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Old 10-21-2008, 02:15 PM   #1
planenut
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I've searched a bit and looked at "How to Brew" and The Complete Joy of Homebrewing? and can't find any information on boil times.

I'm curios as to what is going on that makes you want a longer boil on say an IPA vs a Pale Ale (90 vs 60 minutes). It seems you don't gain much with hop utilization beyond 60 minutes. The IPA I did didn't call for adding hops until the 60 minute remaining mark anyway. I'm guessing it has something to do with higher gravity beers.

Laymen terms would be better for me...

 
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Old 10-21-2008, 02:17 PM   #2
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There are three reasons I use a longer boil- one is if I'm making a "bigger" beer and want to boil it down more. If I want a more carmelized wort, I've boiled longer. The other is if I use pilsner malt in the mash. Pilsner malt is notorious for producing DMS, so a longer boil is advised to boil off as much DMS as possible.
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Old 10-21-2008, 09:45 PM   #3
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IMHO, a 90 minute boil is only necessary when using Pilsner malt, as Yooper has stated. I rarely use it however, and in all my brews with regular two-row I only boil for 60 minutes. Haven't had DMS issues yet.
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Old 10-21-2008, 09:54 PM   #4
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I use a 90 minute boil to help with break formation and removal.

That is for the first 15, I skim the break as it foams on the surface without the risk of losing any hop material (except if I FWH). Prolly a twitchy practice but it works for me and my beers became clearer as a result without the need for kettle or cold finings.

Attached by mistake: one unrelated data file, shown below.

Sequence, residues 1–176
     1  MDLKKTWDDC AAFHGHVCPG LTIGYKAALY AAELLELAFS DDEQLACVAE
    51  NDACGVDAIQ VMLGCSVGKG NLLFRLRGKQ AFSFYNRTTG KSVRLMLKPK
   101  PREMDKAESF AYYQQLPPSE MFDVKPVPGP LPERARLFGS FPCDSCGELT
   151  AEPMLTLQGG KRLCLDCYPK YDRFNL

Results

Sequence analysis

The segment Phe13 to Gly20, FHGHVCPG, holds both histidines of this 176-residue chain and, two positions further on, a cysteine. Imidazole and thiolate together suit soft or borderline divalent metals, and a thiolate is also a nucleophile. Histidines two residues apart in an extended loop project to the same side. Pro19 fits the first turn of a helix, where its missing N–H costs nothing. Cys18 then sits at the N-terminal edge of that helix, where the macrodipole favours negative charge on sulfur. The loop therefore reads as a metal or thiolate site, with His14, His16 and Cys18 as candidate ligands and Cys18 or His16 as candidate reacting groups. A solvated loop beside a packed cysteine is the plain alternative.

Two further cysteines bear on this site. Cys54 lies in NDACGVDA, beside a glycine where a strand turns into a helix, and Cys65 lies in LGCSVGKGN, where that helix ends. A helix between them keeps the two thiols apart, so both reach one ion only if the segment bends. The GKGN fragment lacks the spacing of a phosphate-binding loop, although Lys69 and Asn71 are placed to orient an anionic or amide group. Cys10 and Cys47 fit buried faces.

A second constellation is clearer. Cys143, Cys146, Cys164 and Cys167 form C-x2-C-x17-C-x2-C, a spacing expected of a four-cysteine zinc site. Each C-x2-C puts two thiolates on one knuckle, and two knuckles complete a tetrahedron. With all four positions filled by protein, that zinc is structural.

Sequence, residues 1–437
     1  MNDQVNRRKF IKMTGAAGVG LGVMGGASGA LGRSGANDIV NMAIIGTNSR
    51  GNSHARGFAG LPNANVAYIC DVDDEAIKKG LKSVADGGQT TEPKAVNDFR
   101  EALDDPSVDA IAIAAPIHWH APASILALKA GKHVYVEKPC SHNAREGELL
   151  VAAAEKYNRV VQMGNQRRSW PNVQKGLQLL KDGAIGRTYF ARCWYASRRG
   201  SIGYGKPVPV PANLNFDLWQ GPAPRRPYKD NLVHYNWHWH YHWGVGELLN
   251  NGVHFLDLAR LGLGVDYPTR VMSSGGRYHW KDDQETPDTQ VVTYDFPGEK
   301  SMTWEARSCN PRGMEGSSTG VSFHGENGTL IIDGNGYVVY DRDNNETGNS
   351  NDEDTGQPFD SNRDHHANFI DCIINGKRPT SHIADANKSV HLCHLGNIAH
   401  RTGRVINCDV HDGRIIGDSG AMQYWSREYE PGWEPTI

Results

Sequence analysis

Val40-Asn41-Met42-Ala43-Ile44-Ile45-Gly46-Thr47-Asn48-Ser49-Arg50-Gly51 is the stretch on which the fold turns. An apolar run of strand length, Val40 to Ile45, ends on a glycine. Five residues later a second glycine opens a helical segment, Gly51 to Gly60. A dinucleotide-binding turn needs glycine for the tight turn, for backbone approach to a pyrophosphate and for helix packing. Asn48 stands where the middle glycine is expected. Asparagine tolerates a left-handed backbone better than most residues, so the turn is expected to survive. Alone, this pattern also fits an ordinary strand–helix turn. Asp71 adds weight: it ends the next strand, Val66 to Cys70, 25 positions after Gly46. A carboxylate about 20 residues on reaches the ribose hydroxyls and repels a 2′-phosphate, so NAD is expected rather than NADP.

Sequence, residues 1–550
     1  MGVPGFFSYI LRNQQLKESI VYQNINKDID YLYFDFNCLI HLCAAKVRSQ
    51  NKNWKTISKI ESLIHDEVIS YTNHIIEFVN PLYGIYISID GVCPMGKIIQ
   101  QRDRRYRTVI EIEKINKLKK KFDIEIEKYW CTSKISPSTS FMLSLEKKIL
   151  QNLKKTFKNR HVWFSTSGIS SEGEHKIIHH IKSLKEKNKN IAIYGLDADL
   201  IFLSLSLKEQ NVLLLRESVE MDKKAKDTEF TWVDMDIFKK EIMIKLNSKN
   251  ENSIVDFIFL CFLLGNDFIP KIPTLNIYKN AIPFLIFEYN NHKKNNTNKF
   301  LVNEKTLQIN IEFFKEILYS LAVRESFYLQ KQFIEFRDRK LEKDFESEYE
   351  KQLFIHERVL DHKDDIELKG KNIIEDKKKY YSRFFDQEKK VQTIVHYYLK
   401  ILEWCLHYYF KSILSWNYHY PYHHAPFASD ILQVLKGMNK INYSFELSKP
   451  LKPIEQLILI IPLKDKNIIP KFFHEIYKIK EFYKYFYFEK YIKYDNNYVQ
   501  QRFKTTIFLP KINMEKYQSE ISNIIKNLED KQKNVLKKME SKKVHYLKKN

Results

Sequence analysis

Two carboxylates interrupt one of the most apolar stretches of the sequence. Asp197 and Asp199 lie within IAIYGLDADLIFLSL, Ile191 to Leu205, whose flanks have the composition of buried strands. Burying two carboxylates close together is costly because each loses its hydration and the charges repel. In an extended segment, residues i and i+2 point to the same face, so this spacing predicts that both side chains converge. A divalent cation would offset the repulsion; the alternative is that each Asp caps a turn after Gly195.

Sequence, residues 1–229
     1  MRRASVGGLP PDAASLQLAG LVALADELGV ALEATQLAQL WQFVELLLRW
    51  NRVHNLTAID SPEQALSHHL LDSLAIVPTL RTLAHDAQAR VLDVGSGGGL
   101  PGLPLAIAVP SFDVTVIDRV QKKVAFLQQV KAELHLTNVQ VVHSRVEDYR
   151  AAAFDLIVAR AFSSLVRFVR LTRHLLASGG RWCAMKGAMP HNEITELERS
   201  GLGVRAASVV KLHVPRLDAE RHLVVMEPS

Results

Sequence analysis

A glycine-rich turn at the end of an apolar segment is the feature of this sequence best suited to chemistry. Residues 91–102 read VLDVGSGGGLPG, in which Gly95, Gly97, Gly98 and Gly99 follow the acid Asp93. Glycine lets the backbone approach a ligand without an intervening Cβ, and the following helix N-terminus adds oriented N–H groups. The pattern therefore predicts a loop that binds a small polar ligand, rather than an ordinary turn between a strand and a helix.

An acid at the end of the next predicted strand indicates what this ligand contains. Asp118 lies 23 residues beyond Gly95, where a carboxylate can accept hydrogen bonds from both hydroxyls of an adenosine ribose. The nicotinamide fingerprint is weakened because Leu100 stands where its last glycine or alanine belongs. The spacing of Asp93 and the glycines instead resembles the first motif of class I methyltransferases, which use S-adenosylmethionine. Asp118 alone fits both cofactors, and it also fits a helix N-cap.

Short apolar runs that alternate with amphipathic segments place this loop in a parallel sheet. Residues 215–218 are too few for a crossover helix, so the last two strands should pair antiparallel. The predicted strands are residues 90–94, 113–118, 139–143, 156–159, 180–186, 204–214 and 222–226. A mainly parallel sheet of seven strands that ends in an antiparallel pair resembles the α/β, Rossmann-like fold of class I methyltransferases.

At 60, I pitch for bittering and let it go from there.

 
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Old 10-21-2008, 10:35 PM   #5
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I always do 90 min boils. I like to be on the safe side with DMS, and I like higher gravity beers. Also it gives me 30 min to scramble around thinking about what to do next :-D
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Old 10-22-2008, 12:23 AM   #6
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I seem to get better results with longer, more vigorous boils. I wait for the hot break then start the timer. 30min after the break I add my bitter hops and go 60 min from there.

Quote:
Originally Posted by GilaMinumBeer View Post
That is for the first 15, I skim the break as it foams on the surface without the risk of losing any hop material (except if I FWH). Prolly a twitchy practice but it works for me and my beers became clearer as a result without the need for kettle or cold finings.
I'd like to hear more about this practice. you actually remove the foam?

 
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Old 10-22-2008, 12:34 AM   #7
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As far as hops utilization goes, you get a slight increase in a 90 minute boil, but by the time you add in your time and fuel, I don't think you are gaining anything. However, as mentioned above, a 90 minute boil is very useful when using pilsner malt (to ensure DMS removal) or other very light beers. IMHO when I use a 90 minute boil on lighter beers it seems much "crisper" than when I use a 60 minute boil.

As a personal rule of thumb, if I am making a really light, dry, crisp beer, I use a 90 minute low-temp mash and a 90 minute boil. Otherwise I stick with the good 'ole 60 minute boil + whatever mash profile for the style I want to do.

Hope this helps!
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Old 10-22-2008, 12:36 AM   #8
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I agree with the 90 minute boil for Pilsen based beers. That said, normally after I finish draining my mash I go and clean my mash tun and ready some other things for the rest of the brew day, occasionally checking my keggle. I'd say I probably average a 75 minute boil for non-pilsen based beers.
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Old 10-22-2008, 01:06 AM   #9
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Quote:
Originally Posted by enohcs View Post
I'd like to hear more about this practice. you actually remove the foam?
Gila will have to answer for Gila, but I sure do. It's gone and separated itself out, I help the process along by removing it. Doesn't amount to much loss of wort, done correctly.
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